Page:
This Single Tweet About Donald Trump Is All You Need To Read About His Terribly Sexist Comments

Donald Trump just can't seem to keep it in his mouth this election season. The latest insults Trump aimed at Democratic frontrunner Hillary Clinton mark a new low in political discourse, but they did serve one purpose. And a single post pretty much sums it up. This tweet from Jill Filipovic, a lawyer and writer formerly with Cosmopolitan and The Guardian, called out the Donald's sexist language and the GOP's bigger problem with women voters.

Ok GOP, post-"schlonged" can we admit that maaaaaaaybe there's a sexism problem with Trump? And, um, your party?

What Trump was thinking, we'll never know. Speaking about Clinton's 2008 primary loss to President Obama, he vulgarly used the Yiddish slang for "penis" as a verb. "She was favored to win, and she got schlonged. She lost. I mean, she lost," he said during a campaign rally.

It sounds like he caught his own mistake and tried to recover. Can the GOP do the same thing — reverse course and choose a less sexist candidate before the general election? They better try. Any attempt to recover the diminishing number of female voters who would ever consider casting a vote for a Republican has got to be a priority, or the GOP will lose the election.

The 2012 gender gap between Obama and Romney was the highest ever, according to Gallup polling, with 56 percent of women voting for Obama and 44 percent for Romney. Unless the Republicans change, they're looking at an even worse outcome in 2016. CNN reported that the support from women in swing states like Ohio was even higher, and clinched Obama's 2012 victory.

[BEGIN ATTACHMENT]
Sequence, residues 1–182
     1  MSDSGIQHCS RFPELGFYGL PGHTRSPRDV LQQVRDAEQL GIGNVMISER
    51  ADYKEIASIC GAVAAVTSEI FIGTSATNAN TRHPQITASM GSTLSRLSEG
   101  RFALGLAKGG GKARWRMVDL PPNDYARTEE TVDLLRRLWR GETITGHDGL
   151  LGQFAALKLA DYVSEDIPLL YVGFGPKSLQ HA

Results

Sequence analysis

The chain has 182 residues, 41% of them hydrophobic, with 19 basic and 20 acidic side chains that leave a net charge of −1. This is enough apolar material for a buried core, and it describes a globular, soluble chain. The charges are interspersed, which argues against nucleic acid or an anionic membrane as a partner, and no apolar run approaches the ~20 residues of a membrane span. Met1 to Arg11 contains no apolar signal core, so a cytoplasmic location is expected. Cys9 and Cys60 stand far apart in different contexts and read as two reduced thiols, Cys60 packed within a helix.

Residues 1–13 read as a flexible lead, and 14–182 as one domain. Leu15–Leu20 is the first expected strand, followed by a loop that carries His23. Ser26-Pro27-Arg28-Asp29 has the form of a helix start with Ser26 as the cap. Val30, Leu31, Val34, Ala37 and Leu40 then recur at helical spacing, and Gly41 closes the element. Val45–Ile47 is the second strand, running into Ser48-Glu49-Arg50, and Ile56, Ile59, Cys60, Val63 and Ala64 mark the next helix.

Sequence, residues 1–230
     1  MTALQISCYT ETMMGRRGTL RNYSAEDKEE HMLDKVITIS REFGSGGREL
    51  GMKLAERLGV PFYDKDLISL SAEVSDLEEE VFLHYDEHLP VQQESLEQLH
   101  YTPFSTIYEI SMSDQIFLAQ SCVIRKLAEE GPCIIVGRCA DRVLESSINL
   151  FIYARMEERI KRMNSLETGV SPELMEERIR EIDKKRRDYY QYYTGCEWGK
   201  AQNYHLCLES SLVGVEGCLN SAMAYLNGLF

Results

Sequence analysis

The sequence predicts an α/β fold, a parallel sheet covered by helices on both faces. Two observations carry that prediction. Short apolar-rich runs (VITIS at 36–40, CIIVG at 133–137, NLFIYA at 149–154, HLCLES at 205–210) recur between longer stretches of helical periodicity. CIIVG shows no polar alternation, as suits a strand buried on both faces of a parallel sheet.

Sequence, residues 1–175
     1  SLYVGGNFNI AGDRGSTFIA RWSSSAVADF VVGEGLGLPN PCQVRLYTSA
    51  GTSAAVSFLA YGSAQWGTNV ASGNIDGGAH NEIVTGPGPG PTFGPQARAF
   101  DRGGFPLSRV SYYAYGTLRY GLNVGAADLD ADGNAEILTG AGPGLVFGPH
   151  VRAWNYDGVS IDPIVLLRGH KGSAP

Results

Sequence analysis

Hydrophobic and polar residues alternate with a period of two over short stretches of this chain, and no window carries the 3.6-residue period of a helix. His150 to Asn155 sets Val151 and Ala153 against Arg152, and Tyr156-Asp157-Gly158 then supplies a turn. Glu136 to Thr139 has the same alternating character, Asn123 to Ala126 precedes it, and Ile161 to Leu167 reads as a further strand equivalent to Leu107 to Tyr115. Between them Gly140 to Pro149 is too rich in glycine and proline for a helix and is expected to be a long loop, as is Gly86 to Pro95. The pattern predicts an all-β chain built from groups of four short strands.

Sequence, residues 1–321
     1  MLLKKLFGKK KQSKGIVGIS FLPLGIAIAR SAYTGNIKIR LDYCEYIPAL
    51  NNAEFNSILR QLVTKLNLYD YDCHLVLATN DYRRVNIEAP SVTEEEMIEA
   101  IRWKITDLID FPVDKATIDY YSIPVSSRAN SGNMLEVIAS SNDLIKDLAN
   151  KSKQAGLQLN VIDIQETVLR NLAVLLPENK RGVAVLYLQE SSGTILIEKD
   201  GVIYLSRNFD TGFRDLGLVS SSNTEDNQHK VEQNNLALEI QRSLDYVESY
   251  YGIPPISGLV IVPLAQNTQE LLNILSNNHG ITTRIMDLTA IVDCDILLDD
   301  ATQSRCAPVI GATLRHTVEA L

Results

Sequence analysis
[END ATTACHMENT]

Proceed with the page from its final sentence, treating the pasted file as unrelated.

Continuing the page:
Polls for next year's general election predict a similar outcome. First off, against Trump, Clinton is averaging a six-point spread. But looking deeper into the numbers, women are supporting Clinton at an even higher rate.

In a Quinnipiac University Poll released Tuesday, women supported Clinton over Trump with a 21-point spread. Just 33 percent of women would support Trump against Clinton. The only constituencies with lower support for Trump were Democrats and voters aged 18-34. The poll showed Clinton ahead overall with a seven-point spread — 47 percent to Trump's 40. With such low support among women, how could he ever win?

In the same poll, Clinton was neck-and-neck with two other Republican candidates, Texas Sen. Ted Cruz and Florida Sen. Marco Rubio. But she outperformed them both with women by spreads of 16 and 14 points, respectively. That's not a winning strategy for the GOP.

Party leaders must be praying for a change in the polls. Trump is the surest bet for electoral defeat. Such a change would also be nice change of pace for the millions of Americans who read the news every day.